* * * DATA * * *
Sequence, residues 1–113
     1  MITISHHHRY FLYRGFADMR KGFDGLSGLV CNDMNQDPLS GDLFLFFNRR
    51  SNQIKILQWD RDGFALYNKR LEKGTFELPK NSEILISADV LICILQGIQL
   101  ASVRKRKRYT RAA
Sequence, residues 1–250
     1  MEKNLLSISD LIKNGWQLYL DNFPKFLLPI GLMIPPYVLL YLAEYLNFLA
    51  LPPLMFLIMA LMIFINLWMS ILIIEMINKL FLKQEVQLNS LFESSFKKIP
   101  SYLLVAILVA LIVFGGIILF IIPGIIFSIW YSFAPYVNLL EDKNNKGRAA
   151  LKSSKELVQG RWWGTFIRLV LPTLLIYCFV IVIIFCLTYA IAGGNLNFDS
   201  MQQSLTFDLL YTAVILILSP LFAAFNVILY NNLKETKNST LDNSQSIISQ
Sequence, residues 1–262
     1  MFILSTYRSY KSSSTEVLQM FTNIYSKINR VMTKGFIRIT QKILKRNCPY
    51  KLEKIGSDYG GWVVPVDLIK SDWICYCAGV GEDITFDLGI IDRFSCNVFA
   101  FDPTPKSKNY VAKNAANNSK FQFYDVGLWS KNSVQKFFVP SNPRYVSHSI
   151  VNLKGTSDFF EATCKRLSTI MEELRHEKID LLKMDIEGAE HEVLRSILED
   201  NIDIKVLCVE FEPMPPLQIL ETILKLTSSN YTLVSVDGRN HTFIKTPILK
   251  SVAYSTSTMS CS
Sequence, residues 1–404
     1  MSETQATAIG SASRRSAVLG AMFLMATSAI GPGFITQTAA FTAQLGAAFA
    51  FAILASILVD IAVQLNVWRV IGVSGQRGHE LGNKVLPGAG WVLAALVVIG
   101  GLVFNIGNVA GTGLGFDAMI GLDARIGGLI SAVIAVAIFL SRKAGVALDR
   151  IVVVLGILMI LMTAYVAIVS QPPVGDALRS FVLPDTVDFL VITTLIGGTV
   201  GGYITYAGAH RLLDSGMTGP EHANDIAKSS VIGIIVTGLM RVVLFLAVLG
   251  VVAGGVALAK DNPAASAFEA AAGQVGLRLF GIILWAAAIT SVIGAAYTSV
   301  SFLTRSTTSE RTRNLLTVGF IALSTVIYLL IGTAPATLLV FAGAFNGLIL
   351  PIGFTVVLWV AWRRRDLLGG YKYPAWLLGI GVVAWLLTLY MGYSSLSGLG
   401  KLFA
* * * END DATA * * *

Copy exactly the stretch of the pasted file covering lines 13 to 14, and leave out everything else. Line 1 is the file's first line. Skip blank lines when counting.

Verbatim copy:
    51  KLEKIGSDYG GWVVPVDLIK SDWICYCAGV GEDITFDLGI IDRFSCNVFA
   101  FDPTPKSKNY VAKNAANNSK FQFYDVGLWS KNSVQKFFVP SNPRYVSHSI